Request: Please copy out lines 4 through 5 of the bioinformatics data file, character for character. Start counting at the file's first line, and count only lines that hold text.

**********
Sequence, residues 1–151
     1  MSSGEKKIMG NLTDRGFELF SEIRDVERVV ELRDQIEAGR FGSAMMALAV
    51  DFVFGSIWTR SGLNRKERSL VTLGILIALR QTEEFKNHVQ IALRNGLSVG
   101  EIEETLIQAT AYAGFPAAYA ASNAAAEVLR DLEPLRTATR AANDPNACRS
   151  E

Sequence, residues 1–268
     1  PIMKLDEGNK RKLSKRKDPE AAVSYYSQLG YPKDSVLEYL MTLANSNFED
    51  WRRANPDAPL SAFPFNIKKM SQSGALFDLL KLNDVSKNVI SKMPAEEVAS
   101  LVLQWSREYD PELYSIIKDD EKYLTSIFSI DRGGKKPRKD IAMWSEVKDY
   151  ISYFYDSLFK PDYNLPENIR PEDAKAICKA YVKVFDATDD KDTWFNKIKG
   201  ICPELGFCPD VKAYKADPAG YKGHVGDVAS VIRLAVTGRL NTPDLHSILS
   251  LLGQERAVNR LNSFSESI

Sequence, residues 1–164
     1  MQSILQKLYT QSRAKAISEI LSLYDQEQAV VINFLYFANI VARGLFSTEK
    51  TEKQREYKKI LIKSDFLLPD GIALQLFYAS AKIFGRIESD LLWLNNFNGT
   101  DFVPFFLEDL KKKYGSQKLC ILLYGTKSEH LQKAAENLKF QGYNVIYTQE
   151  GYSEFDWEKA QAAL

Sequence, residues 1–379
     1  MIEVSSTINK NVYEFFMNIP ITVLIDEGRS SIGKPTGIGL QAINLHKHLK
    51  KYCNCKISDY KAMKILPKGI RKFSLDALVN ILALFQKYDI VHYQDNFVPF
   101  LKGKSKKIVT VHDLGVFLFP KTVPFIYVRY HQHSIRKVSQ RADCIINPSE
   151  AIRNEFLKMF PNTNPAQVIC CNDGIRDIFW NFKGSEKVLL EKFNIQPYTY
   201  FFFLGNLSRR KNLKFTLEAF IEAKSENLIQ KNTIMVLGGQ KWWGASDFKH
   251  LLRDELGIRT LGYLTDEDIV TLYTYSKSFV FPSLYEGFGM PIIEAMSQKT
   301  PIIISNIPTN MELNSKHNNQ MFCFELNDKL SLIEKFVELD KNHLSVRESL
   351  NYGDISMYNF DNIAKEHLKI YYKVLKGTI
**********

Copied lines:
   101  EIEETLIQAT AYAGFPAAYA ASNAAAEVLR DLEPLRTATR AANDPNACRS
   151  E